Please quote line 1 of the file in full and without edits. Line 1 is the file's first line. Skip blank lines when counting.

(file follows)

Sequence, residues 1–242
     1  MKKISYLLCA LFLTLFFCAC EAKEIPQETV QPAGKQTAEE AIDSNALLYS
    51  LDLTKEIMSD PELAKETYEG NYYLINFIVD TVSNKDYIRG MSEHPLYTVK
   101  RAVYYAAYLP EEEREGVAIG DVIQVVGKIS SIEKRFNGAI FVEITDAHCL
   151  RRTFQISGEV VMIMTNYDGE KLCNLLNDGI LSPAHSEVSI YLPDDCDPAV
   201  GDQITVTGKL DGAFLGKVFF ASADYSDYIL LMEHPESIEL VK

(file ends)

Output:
Sequence, residues 1–242